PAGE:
________________________________________________________________________________*Only portions approved for reporting by High Court are reported here.________________________________________________________________________________

'(7). If the validity of the election is brought in question only on the ground of any error by the officer or officers charged with carrying out the rules made under sub-section (5) of S. 6 or of an irregularity or informality not corruptly caused, the Judge shall not set aside the election.'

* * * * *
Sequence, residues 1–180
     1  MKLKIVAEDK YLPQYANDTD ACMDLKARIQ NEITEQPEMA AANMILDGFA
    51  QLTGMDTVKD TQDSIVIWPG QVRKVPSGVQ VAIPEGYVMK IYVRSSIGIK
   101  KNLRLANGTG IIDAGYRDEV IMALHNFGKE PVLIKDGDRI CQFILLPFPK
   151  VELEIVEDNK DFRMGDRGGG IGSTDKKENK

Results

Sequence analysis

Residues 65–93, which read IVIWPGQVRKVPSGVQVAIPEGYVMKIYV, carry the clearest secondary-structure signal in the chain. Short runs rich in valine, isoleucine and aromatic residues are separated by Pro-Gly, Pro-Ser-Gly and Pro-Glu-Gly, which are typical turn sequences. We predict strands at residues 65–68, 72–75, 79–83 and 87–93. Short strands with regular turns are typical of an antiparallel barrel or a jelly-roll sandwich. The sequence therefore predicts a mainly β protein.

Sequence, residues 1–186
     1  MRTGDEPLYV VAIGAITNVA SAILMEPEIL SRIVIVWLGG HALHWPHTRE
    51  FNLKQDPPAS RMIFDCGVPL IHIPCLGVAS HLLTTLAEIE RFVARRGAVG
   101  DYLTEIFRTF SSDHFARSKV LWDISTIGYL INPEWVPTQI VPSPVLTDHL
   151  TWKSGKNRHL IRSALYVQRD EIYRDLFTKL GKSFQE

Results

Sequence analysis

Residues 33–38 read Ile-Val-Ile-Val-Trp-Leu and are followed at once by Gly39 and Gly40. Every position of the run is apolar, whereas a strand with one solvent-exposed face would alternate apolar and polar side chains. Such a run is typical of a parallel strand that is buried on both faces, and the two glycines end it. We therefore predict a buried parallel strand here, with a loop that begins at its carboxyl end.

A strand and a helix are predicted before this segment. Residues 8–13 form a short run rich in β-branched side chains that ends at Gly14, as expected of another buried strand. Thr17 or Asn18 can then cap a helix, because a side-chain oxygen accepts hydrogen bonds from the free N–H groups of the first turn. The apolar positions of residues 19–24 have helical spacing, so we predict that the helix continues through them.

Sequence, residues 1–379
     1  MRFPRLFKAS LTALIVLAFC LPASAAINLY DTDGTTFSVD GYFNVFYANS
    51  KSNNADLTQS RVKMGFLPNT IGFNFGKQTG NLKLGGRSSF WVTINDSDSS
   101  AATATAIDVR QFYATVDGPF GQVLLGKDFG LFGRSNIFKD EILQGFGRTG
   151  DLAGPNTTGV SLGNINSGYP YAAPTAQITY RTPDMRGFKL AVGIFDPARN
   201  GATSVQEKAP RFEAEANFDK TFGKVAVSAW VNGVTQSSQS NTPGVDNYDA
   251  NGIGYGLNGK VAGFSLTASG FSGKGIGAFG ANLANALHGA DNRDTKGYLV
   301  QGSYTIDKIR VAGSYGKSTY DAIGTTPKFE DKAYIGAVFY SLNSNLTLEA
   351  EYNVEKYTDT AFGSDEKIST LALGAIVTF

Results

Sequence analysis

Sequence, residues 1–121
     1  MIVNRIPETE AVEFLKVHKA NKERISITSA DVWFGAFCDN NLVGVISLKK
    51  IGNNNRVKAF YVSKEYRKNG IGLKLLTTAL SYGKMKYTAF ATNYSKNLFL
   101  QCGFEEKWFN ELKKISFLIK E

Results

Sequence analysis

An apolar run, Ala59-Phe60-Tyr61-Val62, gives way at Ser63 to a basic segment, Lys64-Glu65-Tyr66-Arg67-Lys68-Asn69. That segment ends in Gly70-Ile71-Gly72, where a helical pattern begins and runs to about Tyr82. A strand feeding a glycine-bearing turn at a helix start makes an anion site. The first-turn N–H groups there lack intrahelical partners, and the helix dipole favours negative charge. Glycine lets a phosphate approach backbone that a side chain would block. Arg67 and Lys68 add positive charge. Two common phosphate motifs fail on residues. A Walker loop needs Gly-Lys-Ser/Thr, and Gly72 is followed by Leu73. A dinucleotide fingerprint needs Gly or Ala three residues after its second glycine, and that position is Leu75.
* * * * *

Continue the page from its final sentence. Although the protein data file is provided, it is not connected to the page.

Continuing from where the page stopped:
'Explanation:- The expression 'error' in this clause does not include any breach of or any omission to carry Out or any non-compliance with the provisions; of this Act or the rules made thereunder whereby the result of the election has been materially affected.'